You compare the 'performance' of these models by an F-test or likelihood ratio test (simply put: a transformed version of the ratio of the maximum likelihoods of both models is known to follow (under the assumption that the simpler model performs well enough) a well-known distribution, so you can find out how 'reasonable' this result is)
The good news is that you can also do this for more complex models, that account for other effects. If you want to correct for the effect of height, then what you really want to do is compare the following two models: $$weight = \beta_0 + \beta_2 * height + \epsilon$$ and $$weight = \beta_0 + \beta_1 * groupB + \beta_2 * height + \epsilon$$ Following the logic of before, you can see that $\beta_1$ in the second model now represents the mean difference in weight between the two groups for any given height. So comparing these two models is the same as checking whether there is a height-corrected difference in weights between the groups.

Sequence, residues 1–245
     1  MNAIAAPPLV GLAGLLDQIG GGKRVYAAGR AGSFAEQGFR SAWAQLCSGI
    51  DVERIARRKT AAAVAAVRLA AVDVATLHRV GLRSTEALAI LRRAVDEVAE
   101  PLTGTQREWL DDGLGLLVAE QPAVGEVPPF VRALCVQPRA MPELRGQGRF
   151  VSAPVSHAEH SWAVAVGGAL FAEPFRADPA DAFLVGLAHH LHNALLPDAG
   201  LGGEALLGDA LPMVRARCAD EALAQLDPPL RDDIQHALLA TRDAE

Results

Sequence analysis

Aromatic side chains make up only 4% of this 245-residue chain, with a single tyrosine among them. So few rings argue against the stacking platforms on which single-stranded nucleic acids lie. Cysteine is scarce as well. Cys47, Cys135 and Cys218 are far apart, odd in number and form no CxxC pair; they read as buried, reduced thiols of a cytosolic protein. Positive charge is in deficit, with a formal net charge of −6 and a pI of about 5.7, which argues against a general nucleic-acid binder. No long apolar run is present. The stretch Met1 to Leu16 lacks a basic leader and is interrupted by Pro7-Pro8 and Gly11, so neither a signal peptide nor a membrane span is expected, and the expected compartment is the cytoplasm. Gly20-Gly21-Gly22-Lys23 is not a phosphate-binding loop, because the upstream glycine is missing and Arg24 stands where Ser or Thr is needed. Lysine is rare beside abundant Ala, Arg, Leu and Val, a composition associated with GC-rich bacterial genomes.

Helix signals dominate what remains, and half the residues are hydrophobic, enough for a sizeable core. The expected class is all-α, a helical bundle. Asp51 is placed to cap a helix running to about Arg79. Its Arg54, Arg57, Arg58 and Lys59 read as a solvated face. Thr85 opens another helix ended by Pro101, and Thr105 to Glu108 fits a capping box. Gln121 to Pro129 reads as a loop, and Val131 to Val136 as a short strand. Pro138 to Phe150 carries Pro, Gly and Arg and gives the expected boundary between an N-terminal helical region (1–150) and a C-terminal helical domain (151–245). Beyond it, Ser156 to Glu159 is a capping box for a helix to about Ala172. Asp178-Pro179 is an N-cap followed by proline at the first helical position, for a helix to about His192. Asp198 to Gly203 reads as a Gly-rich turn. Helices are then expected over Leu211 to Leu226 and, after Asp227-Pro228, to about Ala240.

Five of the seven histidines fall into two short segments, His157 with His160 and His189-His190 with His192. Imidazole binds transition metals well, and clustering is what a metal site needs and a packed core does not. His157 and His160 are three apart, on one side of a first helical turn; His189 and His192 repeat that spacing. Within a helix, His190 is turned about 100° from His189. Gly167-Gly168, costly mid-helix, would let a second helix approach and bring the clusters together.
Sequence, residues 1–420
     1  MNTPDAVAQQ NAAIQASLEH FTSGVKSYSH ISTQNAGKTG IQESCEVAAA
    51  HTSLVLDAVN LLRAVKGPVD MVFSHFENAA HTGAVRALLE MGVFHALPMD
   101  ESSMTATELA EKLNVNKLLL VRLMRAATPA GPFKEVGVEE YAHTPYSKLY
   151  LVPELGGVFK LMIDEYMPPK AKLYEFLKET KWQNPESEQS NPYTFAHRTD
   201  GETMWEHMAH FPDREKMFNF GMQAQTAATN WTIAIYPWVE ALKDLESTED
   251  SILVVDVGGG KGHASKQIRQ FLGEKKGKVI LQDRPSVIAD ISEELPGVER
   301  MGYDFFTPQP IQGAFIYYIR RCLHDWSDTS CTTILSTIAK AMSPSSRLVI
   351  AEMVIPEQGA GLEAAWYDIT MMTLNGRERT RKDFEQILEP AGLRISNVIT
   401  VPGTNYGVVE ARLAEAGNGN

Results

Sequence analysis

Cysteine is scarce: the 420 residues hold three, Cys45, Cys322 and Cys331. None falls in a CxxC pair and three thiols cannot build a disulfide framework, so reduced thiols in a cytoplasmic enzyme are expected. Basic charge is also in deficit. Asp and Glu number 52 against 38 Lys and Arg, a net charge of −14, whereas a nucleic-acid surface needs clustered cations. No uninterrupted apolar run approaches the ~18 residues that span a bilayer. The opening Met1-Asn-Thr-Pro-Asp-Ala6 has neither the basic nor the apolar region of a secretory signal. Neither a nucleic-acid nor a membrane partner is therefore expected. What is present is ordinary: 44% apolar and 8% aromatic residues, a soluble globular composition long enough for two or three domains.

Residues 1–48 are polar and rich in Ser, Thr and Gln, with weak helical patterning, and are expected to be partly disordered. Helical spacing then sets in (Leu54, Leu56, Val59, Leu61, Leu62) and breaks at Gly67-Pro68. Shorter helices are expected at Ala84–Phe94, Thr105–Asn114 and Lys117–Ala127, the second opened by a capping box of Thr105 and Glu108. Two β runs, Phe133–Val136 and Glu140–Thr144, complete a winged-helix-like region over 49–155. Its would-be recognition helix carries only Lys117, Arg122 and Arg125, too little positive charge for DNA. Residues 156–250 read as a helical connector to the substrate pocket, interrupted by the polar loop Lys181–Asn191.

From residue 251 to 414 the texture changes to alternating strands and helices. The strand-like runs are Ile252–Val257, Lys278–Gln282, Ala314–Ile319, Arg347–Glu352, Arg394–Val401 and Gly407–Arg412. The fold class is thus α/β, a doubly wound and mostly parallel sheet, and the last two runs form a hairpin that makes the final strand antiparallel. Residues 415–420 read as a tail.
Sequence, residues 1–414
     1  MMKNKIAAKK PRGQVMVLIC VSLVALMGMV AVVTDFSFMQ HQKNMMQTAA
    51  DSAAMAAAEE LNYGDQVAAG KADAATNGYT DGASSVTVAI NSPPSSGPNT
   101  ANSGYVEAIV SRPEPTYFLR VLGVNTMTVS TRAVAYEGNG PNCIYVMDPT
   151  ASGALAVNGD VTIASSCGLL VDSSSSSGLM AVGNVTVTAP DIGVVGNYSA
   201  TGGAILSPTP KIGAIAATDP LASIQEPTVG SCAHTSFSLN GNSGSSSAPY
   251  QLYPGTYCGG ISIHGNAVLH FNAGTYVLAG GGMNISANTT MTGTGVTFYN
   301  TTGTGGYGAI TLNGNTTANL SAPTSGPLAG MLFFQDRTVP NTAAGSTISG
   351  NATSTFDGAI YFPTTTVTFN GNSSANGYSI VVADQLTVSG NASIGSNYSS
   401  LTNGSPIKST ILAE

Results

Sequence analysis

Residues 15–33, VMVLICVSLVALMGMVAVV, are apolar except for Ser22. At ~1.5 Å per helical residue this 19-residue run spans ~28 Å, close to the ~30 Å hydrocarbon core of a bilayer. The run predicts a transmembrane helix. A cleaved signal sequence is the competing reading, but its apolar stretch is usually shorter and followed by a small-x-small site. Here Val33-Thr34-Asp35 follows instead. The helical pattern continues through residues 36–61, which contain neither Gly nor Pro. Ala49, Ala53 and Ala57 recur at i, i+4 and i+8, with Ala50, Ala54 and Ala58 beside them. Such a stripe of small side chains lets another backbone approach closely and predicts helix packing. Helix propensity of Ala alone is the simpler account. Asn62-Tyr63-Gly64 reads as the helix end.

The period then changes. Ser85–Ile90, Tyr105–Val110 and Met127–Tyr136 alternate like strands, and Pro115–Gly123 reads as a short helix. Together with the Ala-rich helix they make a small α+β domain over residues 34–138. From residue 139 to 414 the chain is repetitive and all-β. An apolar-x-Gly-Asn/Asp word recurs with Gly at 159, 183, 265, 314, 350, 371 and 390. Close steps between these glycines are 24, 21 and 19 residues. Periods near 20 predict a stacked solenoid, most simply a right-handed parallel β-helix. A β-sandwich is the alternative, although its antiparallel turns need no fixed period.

So: you feed these two models to a likelihood ratio test and you're done.
How to do that in practice depends on the software you have available (e.g. R has